The 20-story building is set to undergo a renovation as it transitions from offices into a hotel that will boast a minimum of 240 rooms and 1,500 square feet of meeting space. As part of this effort, Northland has requested assistance with up to $8 million in costs for public improvements associated with the project, such as landscaping, utilities and historical preservation and restoration.

These public improvements will be reimbursed by the city’s Lancaster Tax Incremental Financing District (TIF), contingent upon certain performance requirements that must be met by the hotel. The TIF reimbursement will not kick in until the hotel has been fully operational for two years, and it outperforms its financial projections, the amount reimbursed from the TIF will be reduced.

“We’re thrilled that Northland Properties is committed to preserving such an iconic Fort Worth building,” said Robert Sturns, director of economic development for the City of Fort Worth. “This project celebrates Fort Worth’s past while still supporting the current and future growth of downtown, and we look forward to the Sandman Signature Hotel being part of our growing community.”

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Fire Prevention Week: When and how to use a fire extinguisher

Fire Prevention Week, Oct. 6-12, is a week during which the Fort Worth Fire Department stresses the importance of knowing when and how to use a fire extinguisher.

Always put your safety first; if you are not confident in your ability to use a fire extinguisher, get out and call 911. The American Red Cross says to evaluate the situation and ensure:

  • Everyone has left or is leaving the home.
  • The fire department has been called.
  • The fire is small, not spreading and there is not much smoke.
  • Your back is to an exit you can use quickly.

Learn about the different types of fire extinguishers; not all will work on every fire. For home use, the National Fire Protection Association recommends a multipurpose device large enough to put out a small fire, but not so heavy that it will be difficult to handle.

Review the instructions once a year. If you need to use a fire extinguisher, there won’t be time to learn how to do it.

To use a fire extinguisher, remember the acronym PASS:

Pull the pin.
Aim low at the base of the fire.
Squeeze the handle slowly.
Sweep the nozzle side to side.

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What kind of recreational opportunities would you like to see in Fort Worth?

With more than 1 million people moving to the DFW area since 2010, it’s no secret that Fort Worth is growing — and the city’s Park & Recreation Department wants to make sure that recreational programs and facilities are growing along with it.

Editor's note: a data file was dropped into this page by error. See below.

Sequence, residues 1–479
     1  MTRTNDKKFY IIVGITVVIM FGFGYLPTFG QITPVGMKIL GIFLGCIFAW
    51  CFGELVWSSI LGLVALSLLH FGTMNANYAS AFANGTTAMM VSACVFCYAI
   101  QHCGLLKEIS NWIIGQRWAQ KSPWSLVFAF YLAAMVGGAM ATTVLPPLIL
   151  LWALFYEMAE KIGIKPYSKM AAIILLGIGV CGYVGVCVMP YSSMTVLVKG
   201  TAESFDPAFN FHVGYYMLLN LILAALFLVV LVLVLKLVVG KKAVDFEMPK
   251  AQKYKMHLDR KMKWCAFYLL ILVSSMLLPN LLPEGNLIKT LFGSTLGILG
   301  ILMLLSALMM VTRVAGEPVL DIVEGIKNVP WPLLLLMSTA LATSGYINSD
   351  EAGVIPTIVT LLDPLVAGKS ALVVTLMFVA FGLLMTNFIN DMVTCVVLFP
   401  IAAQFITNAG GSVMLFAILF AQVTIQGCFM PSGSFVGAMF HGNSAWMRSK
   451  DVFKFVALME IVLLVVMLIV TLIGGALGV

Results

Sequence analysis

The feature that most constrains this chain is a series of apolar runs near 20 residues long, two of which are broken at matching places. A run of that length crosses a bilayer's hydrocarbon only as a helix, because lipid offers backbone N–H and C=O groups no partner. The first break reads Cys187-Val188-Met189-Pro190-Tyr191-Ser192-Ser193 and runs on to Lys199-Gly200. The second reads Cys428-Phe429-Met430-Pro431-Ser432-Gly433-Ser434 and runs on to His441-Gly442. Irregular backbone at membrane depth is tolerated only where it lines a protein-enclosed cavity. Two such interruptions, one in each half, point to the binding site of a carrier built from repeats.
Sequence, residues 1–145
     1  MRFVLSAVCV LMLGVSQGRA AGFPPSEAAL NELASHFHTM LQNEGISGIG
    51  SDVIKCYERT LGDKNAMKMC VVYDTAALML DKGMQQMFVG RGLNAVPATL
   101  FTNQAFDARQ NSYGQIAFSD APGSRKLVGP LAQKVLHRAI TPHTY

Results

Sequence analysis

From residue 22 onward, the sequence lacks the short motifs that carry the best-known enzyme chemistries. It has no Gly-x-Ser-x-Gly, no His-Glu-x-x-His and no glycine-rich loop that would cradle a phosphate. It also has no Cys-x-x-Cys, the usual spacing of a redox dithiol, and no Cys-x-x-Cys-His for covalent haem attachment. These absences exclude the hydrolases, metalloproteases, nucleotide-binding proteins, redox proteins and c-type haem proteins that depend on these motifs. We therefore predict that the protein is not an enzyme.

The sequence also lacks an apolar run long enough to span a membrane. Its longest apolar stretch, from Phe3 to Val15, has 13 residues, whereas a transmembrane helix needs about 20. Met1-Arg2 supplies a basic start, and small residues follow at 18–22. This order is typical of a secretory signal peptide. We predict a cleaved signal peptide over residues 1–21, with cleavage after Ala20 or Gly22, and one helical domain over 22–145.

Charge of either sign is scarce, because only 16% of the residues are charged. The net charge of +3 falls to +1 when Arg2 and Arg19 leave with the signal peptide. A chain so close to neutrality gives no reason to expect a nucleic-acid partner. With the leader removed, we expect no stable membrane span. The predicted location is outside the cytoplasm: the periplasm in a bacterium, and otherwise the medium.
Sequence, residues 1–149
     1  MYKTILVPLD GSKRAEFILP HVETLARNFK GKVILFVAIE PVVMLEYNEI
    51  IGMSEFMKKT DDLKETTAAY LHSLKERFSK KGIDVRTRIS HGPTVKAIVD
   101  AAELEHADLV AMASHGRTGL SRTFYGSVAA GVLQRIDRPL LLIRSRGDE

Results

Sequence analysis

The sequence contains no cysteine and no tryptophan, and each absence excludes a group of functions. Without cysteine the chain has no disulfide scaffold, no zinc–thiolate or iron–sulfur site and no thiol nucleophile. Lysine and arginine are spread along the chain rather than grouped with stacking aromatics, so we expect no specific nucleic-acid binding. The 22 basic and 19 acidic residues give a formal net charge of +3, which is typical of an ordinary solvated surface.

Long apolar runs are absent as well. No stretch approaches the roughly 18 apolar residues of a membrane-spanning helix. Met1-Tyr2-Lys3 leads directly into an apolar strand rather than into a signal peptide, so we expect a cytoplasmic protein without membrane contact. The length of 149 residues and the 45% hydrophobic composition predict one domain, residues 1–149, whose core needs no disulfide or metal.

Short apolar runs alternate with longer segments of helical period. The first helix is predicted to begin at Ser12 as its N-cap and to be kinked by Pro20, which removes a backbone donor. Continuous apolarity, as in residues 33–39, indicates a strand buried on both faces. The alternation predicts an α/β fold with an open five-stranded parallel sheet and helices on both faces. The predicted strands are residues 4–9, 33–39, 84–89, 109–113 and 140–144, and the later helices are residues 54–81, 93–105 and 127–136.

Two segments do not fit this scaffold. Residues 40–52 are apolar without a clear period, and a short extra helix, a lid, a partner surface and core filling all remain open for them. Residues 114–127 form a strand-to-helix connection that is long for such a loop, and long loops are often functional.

The 2019 Park & Recreation Survey is open through Nov. 24, and provides an opportunity for residents to give feedback about the city’s recreational activities and facilities. Current facilities include community centers, athletics fields, golf courses, parks and trails, as well as some of the department’s special-use facilities, like the Fort Worth Nature Center & Refuge and the Log Cabin Village.

About the survey

The survey explores how residents use current recreational facilities, and how frequently they do so.

It also gives residents the opportunity to provide feedback on facilities that they think are needed in Fort Worth parks. This includes traditional park facilities such as playgrounds and trails, and some facilities that currently have a small or limited presence locally, like skate parks, disc golf courses, dog parks and age-friendly playgrounds.

The Park & Recreation Department is collaborating with National Service Research on this survey, which is administered about every five years. The results help inform the direction of the Park & Recreation Department’s Master Plan.

Residents are encouraged to take the survey before it closes. All survey feedback is anonymous, and residents are asked to complete only one survey per household.

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Simmons Bank signs naming rights deal for plaza at Dickies Arena

Trail Drive Management Corp. (TDMC), the not-for-profit operating entity of Dickies Arena, and the Fort Worth Stock Show & Rodeo announced a new partnership with Simmons Bank. The financial institution will become the official banking partner and naming rights holder for the Simmons Bank Plaza and Simmons Bank Pavilion at Dickies Arena, as well as a major sponsor of the Fort Worth Stock Show & Rodeo.

The Simmons Bank Plaza, located on the east side of Dickies Arena, can accommodate up to 3,000 guests and will host a number of events throughout the year, including pre-event parties and fan festivals. Additionally, the Simmons Bank Plaza will become the new home to the Fort Worth Stock Show & Rodeo’s Bud Light Roadhouse, a live music venue, as well as The Corkyard, a new destination where Stock Show guests can enjoy a wide selection of award-winning wines served by the glass.